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Homework Help: Elevator problem?

  1. Feb 20, 2007 #1
    1. The problem statement, all variables and given/known data

    A skier of mass 69.7 kg is pulled up a slope by a motor-driven cable.
    (a) How much work is required to pull him a distance of 59.8 m up a 29.9° slope (assumed frictionless) at a constant speed of 1.90 m/s?
    (b) A motor of what power is required to perform this task?

    2. Relevant equations

    (a) w=f*change in distance*cos angle
    (b) power=work/change in time

    3. The attempt at a solution

    gravity is the only force in play. so the equation for work would be

    take that value and divide it by change in time to get power

  2. jcsd
  3. Feb 20, 2007 #2


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    Homework Helper

    "cos angle" refers to what angle? With respect to your given angle cos is the wrong trig function. You are also missing a mass factor which would have been obvious if you had checked the units on your answer.
  4. Feb 20, 2007 #3
    No. w=f.s=m.a.s
    You havent taken the mass of the skier into account. The acceleration will be along the incline (which youve taken incorrectly).
  5. Feb 20, 2007 #4
    Power can be calculated by p=fv
  6. Feb 20, 2007 #5
    Ok so the F in the problem is 9.8m/s^2. I would use cos0. However, the change in distance is unknown. Using the formula d=time * speed, I found it to be 8.75m. So, now would I use the work formula with the numbers (9.8m/s^2)(8.75m)(cos0). Which equals 85.57J. After I find that I would divide work by time (5secs) to find average power which is 17.15 W...just my thinking??
  7. Feb 20, 2007 #6
    F is not 9.8 m/s^2. That is a. You are forgetting to take into account mass of the skier. force = mass * acceleration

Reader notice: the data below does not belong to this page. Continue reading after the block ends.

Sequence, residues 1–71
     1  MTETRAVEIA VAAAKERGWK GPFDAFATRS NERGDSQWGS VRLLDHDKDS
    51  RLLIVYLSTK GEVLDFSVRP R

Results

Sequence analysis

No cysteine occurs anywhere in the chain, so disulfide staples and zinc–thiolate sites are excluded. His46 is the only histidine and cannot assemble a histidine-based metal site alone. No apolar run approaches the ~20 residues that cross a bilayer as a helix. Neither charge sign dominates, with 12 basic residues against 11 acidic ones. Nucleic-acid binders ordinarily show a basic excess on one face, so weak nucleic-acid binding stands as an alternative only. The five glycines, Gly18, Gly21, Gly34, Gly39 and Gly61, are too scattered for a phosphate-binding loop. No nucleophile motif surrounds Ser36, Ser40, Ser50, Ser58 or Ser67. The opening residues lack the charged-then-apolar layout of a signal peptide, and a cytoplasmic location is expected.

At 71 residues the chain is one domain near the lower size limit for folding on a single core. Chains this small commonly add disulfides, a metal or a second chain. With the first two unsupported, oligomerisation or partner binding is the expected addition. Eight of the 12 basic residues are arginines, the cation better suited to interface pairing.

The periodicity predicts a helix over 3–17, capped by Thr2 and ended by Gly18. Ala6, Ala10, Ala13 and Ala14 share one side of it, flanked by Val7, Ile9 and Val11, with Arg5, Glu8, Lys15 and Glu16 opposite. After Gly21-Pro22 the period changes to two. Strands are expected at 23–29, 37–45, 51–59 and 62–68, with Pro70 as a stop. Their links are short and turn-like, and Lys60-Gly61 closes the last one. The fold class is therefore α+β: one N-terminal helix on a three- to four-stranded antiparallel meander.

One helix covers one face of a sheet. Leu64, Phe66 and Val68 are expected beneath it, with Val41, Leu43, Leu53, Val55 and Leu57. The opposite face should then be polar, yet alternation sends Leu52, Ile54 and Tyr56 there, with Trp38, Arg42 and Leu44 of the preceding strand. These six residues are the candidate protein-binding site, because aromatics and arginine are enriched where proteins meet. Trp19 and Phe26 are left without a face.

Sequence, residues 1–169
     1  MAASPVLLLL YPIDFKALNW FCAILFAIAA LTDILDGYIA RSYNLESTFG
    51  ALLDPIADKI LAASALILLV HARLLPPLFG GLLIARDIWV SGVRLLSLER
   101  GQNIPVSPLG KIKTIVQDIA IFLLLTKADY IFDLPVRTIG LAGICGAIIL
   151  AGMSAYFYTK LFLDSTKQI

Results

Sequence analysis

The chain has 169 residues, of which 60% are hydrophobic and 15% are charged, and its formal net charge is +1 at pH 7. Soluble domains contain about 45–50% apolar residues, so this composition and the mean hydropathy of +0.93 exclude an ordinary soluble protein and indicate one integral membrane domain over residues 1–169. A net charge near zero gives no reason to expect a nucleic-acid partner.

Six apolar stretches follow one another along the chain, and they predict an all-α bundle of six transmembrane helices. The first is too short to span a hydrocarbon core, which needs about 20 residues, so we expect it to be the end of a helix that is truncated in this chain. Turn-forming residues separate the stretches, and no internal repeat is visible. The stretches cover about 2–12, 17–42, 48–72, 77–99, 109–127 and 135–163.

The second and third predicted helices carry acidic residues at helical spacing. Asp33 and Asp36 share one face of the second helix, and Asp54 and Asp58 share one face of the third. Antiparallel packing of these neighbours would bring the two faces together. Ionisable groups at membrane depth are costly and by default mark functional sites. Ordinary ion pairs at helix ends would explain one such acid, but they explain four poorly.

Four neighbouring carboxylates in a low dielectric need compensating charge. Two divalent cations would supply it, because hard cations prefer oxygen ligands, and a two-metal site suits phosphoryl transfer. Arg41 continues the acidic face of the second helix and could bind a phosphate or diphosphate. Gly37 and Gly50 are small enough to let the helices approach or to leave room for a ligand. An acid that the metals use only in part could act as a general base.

8. Feb 20, 2007 #7
    Ok-so hopefully this is it:
    W=(mass of skier*acceleration)(change in distance)(cos29.9)
    Then take that value and divide by the time which is 31.55 seconds.
    Which equals 217.6 hp
  9. Feb 20, 2007 #8
    The SI unit of power is watts. There are about 746 watts per h.p. but you better look up that number, i am pulling it out of my head.
  10. Feb 20, 2007 #9
    Is the way I worked the problem out correct? I just need to convert the 217.6 watts to hp? I have had trouble solving this problem. It would be nice to know if this thinking is correct.
  11. Feb 20, 2007 #10
    The reasoning seems okay to me.
  12. Feb 20, 2007 #11
    UGH! I'm still stuck. Any help would be greatly appreciated!!
  13. Feb 20, 2007 #12
    Where are you stuck?
  14. Feb 21, 2007 #13
    alright...i think i've got it. I have to run to class, but I will post later witht the answer I finally came up with! YAY!
  15. Feb 21, 2007 #14
    actually, nevermind that answer was also incorrect. sorry to get our hopes up!:frown: Still working...
  16. Feb 21, 2007 #15
    whoops, you shouldnt be looking at the cosine of theta. Sorry, just caught that.
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